Dr Suranjan Bhattacharji, director, Christian Medical College, Vellore, Tamil Nadu, which has served India with quality healthcare and education for over a century, says a doctor in a developing country like India has to see himself as an agent of change, not just as a medical practitioner.
"If we see our role as agents of change, then it is much more effective than just having a narrow range of skills of curative services," Dr Bhattacharji said in an interview during a brief visit to New York last month.
Dr Bhattacharji, who was in the United States primarily to attend the CMC's board meeting, felt doctors in countries like India have to be good communicators so they can address society on issues that are most important.
Besides, they have to be good teachers not only of the medical students but of the patients who come to see the doctors, he said.
"Our role is educating him or her [the patient] about the issues that are causing ill health and what are the ways to overcome them. We have to be able to educate the community leaders so that they begin to invest in the things that will improve health," he said.
Dr Bhattacharji, who was appointed to the post recently, said because India was a resource-constrained society, the doctors there have to constantly ask themselves which is the best way to treat the individual within the context in which s/he lives.
"We have to decide what is best for him and not what is the best in the world. Our motto [at CMC] is how the treatment can make him or her better and cure without destroying the family," he said.
"What often happens is that if the person cannot afford treatment, the child is pulled out of school, the land mortgaged and the whole family made economically disadvantaged. We know that one of the causes for ordinary people in developing countries becoming suddenly impoverished is ill health because the cost of health or treatment is so high," Dr Bhattacharji said.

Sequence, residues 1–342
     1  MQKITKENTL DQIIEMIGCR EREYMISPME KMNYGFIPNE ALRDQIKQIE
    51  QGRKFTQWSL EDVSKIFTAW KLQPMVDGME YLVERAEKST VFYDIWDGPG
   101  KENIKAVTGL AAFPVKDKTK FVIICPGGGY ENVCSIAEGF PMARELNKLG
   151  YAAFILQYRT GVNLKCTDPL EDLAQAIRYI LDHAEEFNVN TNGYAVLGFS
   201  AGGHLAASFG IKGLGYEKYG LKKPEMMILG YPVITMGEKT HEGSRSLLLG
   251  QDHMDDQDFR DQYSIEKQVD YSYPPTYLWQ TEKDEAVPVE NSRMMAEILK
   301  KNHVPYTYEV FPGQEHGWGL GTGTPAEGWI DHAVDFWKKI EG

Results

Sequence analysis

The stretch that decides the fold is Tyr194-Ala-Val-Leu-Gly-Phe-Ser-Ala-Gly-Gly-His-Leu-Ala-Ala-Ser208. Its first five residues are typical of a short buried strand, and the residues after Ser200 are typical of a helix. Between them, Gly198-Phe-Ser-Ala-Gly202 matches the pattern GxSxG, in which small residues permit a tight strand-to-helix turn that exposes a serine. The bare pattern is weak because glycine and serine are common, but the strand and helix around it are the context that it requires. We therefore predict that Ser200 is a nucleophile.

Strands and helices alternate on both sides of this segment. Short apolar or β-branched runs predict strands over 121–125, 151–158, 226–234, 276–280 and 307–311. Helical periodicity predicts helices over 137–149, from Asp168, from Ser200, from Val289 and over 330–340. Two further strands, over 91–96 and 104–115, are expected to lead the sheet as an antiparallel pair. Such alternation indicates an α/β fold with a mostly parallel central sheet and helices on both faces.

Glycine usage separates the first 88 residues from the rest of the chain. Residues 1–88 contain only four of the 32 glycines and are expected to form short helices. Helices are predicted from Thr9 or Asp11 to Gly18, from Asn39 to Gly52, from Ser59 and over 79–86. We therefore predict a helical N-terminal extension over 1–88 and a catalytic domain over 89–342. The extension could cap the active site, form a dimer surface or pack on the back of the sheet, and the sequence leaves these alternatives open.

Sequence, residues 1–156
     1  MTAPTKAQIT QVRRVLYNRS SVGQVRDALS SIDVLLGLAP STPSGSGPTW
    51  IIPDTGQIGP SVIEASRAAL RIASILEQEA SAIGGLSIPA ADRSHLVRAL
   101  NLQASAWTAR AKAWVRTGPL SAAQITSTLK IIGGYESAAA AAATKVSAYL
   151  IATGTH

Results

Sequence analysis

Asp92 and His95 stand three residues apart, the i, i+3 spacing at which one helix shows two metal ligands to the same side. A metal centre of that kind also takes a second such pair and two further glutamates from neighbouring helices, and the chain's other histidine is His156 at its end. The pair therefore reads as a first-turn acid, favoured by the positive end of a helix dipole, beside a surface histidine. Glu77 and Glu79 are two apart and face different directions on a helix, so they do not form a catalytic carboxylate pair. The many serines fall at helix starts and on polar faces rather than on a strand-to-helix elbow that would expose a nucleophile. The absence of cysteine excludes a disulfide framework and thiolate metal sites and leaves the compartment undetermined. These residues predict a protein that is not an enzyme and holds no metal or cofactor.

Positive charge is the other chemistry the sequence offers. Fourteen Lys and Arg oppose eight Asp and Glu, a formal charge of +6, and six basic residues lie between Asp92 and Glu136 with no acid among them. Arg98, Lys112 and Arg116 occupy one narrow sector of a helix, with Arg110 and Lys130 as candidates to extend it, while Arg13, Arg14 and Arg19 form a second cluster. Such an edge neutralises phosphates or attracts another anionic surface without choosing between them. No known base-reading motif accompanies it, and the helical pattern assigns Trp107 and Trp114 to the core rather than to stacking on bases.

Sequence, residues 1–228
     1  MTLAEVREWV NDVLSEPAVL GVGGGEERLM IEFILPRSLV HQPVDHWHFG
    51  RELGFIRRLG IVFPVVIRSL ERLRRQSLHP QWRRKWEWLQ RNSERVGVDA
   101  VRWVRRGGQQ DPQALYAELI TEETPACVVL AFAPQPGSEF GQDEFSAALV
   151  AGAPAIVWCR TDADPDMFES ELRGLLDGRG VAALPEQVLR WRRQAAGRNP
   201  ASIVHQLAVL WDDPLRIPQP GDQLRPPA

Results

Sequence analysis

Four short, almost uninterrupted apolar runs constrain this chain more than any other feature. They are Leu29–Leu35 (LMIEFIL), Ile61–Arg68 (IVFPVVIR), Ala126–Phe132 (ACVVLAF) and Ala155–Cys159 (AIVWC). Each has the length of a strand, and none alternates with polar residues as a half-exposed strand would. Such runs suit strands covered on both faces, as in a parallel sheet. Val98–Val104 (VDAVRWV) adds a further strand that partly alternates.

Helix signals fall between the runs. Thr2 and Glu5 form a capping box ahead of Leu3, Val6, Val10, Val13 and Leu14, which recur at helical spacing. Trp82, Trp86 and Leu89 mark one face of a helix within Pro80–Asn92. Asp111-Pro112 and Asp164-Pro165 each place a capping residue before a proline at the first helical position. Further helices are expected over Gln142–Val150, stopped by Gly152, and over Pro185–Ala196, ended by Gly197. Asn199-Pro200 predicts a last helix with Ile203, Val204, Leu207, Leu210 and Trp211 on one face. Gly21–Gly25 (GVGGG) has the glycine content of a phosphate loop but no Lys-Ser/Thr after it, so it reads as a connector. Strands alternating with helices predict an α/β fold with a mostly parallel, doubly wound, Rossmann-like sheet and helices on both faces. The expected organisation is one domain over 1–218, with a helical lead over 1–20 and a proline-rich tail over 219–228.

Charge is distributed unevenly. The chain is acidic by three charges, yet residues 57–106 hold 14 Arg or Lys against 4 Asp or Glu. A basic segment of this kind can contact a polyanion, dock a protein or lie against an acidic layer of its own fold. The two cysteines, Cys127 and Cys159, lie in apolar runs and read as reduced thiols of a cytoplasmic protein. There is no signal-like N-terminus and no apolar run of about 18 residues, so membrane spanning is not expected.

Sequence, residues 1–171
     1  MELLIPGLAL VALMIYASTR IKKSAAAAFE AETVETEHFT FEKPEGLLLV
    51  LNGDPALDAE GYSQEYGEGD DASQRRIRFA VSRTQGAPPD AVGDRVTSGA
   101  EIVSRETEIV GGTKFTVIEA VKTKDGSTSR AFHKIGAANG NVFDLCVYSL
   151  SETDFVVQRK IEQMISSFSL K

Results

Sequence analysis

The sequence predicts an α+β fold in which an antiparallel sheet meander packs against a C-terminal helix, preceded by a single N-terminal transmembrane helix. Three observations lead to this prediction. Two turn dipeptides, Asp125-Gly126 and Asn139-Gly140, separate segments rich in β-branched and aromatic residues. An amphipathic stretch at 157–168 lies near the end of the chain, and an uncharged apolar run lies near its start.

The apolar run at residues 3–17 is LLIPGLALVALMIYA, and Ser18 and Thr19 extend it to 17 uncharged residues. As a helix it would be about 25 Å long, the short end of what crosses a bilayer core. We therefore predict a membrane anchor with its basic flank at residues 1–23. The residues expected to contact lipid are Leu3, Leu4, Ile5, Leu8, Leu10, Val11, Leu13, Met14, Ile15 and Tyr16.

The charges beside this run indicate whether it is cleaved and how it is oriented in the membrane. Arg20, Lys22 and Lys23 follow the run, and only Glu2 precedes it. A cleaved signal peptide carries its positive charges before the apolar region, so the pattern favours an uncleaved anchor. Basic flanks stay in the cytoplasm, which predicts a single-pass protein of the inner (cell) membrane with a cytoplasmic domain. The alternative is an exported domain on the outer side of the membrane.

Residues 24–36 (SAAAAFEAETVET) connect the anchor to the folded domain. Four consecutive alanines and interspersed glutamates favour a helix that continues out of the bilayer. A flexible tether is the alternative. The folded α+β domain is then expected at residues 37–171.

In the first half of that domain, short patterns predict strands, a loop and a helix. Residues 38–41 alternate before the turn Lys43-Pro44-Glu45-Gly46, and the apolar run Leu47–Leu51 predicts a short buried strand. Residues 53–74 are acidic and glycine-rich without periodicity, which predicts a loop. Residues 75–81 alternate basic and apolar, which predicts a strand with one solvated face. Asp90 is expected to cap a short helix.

Dr Bhattacharji, who has been associated with the reputed medical college and hospital for close to four decades, cited the example of Dr Binayak Sen, a CMC alumnus who has been jailed by the government of Chhatisgarh for the last year, for his alleged links to Maoist guerrillas.
"We are very proud that he is our graduate. Binayak is a typical example of the kind of graduate we have always worked to produce someone who is not just clinically competent but also compassionate and has an inquiring mind; who asks not just how I can get this person healed but also why he is sick in the first place, and how I can ensure that he does not fall sick again," Dr Bhattacharji said.
"You may be able to cure a person of typhoid but if he goes back to his village and keeps drinking water from a contaminated well, in six months he is likely to get typhoid again," he said.
So, what ails the Indian healthcare system?
Dr Bhattacharji feels that there are multiple issues, including inadequate resources for the job to be done. He said the difficulty in many government colleges is not so much that the processionals do not care, but that professionals are overwhelmed by the number of patients.
"If you have to see 200 patients in three hours, you end up by not helping very many people. It has become a vicious circle and an ineffective healthcare system in which you are not motivated to try harder," he said, adding that India needs to ensure a certain level of education.
"Actually, we can best improve health by improving water supply and sanitation. Sanitation is the most cost effective health intervention, according to research. We tend to think of health as cardiology services, neurology services and all that. Those are very important, but perhaps as a nation what we need to do is to improve our public services so that there is better water, better sanitation, better shelter and, of course, availability of food," he said.
"If those needs are addressed, we will actually become much more effective in improving the health of the community. Ignorance and poverty are two prime determinants of ill health," he said. He explained that ignorance means that sometimes it is erroneously believed that only expensive food is healthy.
"But we actually know that in the Indian context, a lot of health interventions can be very cost effective. Sometimes, they assume that the most expensive antibiotic is the most appropriate, but it is not true. In fact, sometimes, (having) no antibiotic is more effective than (having one). In CMC, we always believed that improving the sanitation, water supply, food and shelter and education would improve the health of the country much more effectively," he said.